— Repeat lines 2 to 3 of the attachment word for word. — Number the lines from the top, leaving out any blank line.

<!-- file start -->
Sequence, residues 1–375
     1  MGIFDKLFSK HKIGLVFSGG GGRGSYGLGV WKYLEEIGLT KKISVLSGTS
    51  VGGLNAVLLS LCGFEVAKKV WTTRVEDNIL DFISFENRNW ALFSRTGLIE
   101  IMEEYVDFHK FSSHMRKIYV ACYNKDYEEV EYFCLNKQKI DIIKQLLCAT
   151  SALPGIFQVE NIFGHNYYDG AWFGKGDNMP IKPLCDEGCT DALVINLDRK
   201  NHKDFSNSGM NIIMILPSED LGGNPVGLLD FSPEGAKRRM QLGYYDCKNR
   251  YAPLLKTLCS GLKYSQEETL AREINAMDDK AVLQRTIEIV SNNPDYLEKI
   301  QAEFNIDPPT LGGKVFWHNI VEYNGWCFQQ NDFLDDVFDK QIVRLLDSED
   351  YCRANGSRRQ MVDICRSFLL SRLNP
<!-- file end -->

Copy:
     1  MGIFDKLFSK HKIGLVFSGG GGRGSYGLGV WKYLEEIGLT KKISVLSGTS
    51  VGGLNAVLLS LCGFEVAKKV WTTRVEDNIL DFISFENRNW ALFSRTGLIE